of pre-warholian pilot’s remains shed
light on age-old Salvage Ship mystery.
Until recently, historians have been at a
loss to adequately explain how the Salvage vessels
(see Crankenstein) could traverse the varied
landscapes of their designated pickup locations.
Intergalactic/planetary travel was in no
way hindered by their massive weight due
to the weightlessness of space. Once on the
ground however, it was very different.
The SS 396 Salvage Ships ships were heavy and difficult to maneuver.
No amounts of coffee and tobacco products
could entice the meat motors to attempt to
reach the higher elevations where most of
the precious payloads were harvested.
The journal belonging to a 500 year old
veteran of the invasions led our field researchers
to a site in the Northeast 02048 sector.
(Insert whip story here) The apparent remains of a
previously unseen vehicle that was commonly used by more skilled
pilots and meatmotors to gather payloads from the
extremely high elevations was reported to have been uncovered. These teams would then
deliver them to central pickup locations in the
valleys so the Salvage Ships could be loaded
and continue on their route.
The only enticement that the pilots could offer the special breed of
of meat-motor that would be willing to scale these elevations was to agree
to turn control of the vessel over to the meat-motor during the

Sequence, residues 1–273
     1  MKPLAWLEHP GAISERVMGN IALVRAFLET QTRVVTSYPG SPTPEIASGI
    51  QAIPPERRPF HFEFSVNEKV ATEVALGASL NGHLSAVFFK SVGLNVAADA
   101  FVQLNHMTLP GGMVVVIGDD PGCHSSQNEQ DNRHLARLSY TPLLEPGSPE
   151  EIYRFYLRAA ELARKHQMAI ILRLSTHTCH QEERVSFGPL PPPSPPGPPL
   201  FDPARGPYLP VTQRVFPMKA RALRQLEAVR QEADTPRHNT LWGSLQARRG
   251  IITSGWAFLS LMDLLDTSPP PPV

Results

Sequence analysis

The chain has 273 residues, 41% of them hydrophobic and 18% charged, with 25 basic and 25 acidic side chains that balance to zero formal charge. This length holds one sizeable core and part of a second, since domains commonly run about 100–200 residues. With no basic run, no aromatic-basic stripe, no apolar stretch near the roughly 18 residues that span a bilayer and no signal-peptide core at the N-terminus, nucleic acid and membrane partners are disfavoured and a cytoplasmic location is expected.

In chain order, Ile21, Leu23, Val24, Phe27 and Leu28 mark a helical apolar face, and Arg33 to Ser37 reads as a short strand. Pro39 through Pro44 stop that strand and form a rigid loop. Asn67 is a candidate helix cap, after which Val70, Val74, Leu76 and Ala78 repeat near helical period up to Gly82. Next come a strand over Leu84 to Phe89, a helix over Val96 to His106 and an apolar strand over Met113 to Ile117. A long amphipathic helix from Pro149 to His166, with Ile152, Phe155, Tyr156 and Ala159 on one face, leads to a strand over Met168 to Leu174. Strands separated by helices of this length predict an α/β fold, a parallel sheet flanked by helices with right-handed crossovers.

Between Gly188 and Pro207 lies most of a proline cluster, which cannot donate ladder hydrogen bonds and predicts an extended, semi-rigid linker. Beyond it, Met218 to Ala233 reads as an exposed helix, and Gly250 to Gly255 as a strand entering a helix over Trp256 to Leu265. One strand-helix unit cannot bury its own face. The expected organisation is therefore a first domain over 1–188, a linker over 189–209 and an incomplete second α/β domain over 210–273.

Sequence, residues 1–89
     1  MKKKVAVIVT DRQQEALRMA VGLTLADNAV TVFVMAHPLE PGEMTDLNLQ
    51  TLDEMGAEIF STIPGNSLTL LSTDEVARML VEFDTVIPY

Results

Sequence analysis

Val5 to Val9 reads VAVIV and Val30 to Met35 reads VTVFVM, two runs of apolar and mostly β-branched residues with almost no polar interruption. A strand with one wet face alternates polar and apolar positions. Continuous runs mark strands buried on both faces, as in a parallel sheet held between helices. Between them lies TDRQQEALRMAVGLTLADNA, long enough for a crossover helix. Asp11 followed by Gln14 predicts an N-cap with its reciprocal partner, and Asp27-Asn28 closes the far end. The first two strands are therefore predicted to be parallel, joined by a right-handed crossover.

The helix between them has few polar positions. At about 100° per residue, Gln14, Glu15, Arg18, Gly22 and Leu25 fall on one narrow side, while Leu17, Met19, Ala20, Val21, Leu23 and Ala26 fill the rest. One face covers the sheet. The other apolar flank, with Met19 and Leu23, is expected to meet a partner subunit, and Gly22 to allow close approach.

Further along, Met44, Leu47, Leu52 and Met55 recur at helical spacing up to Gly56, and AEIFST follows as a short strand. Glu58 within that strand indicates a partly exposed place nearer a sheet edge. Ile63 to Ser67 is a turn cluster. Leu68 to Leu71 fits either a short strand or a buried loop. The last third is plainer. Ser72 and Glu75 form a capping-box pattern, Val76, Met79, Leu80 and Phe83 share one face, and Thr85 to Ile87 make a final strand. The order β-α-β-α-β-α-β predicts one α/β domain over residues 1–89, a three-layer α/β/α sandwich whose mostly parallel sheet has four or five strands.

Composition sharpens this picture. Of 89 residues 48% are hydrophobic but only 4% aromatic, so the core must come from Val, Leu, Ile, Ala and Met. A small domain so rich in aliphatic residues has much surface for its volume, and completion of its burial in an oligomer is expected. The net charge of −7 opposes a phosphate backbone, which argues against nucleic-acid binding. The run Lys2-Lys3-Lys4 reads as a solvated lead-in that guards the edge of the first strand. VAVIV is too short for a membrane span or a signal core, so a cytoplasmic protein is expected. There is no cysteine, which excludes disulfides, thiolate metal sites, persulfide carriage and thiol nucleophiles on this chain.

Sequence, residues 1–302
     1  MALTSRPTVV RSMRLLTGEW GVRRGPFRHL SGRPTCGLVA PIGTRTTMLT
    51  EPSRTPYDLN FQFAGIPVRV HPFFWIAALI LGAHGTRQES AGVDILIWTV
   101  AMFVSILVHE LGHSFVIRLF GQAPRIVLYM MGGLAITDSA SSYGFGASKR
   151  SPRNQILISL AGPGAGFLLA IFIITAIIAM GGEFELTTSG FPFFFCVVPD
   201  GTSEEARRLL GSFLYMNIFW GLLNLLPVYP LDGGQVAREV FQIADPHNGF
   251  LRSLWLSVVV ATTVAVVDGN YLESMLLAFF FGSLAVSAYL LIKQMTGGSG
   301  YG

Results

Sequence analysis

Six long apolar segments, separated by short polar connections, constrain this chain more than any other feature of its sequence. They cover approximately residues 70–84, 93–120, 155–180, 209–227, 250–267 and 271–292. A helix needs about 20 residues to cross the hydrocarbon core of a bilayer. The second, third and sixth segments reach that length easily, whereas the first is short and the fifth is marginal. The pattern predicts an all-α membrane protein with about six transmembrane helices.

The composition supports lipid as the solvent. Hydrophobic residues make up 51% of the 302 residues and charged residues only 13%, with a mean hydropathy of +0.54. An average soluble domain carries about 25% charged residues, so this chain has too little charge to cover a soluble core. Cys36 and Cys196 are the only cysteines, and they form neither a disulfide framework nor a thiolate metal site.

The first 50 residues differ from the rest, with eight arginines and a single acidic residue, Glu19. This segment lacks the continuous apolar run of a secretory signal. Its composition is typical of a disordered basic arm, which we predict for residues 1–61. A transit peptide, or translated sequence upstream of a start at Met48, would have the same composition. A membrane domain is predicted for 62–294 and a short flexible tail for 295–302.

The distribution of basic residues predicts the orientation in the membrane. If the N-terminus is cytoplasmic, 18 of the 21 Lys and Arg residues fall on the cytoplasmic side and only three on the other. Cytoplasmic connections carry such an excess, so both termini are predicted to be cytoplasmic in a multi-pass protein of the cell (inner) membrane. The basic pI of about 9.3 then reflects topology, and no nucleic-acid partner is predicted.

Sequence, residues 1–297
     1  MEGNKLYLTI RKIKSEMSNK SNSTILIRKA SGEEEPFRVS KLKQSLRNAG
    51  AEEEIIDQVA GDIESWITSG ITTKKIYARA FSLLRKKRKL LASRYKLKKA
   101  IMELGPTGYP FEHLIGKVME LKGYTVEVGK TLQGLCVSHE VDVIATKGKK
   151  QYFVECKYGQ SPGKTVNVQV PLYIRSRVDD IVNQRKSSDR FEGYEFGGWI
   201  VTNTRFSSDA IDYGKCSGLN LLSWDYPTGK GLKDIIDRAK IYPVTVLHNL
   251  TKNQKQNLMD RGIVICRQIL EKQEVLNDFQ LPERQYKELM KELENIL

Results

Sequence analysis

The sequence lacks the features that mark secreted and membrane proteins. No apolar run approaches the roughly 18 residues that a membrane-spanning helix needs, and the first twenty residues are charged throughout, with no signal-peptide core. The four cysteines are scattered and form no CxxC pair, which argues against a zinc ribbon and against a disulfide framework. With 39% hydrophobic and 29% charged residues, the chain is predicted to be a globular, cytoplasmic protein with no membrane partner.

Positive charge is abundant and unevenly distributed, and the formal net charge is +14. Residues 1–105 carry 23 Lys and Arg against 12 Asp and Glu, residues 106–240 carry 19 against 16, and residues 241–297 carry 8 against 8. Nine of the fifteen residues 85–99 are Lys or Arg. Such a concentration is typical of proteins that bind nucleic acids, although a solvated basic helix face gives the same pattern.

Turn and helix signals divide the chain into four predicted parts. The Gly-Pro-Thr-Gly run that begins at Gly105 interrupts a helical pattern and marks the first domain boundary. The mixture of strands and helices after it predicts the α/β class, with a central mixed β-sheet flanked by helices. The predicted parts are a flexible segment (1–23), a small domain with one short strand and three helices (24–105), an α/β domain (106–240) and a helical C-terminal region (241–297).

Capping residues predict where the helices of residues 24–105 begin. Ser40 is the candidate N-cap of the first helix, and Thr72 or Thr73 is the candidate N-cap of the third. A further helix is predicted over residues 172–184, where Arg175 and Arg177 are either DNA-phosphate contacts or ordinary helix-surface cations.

It was clear that the meat motors had no particular knowledge
of the purpose of the run nor would they care.
The only aspect that interested them at all was the blinding and
totally reckless thrills encountered during the descent.
The pilots would simply power down and keep their circuits crossed
during the return trip to the valley.
Tuesday, April 13, 2010
Sunday, April 4, 2010
The communication between Scout ships and their Home Ports was embedded into video images and sent to respective way stations located in each solar system. The codes for our particular ship were finally decoded from messages entitled "I Love Lucy". The diagram shown here is a reproduction of what was apparently a detailed cue sheet for the last mission the ship was on when it was lost.
Once underway, these details would be projected onto the cylindrical section of the communications and guidance display for the pilots to follow.
Saturday, April 3, 2010
While cleaning out from under my bed, I pulled out the frame-set of what initially appeared to be just another early motobike as were so common and plentiful on Terra Acirema during the period from SD9.9.10 thru SD9.9.30. But then we all did a double-take when we began to discover evidence that this was not the case at all! Numerous empty mounting holes clearly not intended for standard accessories, burn patterns on the skin and tell-tale scaring of the skeletal structure could lead us to only one seemingly impossible conclusion.
Could this really be? A quick conference call to the Sneers and Blowbucks Institute archives confirmed our suspicions. What in fact stood before us was an actual Pre-Warholian Aissurian Scout ship! This revelation alone was mind-bending enough, but that was just the beginning. . .
Many of these ships had been converted to salvage transports after the invasion. Cruising to earth at 20 year intervals to collect used cigarette filters which were highly sought after for an energy source in many remote regions of the universe. Most of the original fittings are missing of have been replaced with common replacement items.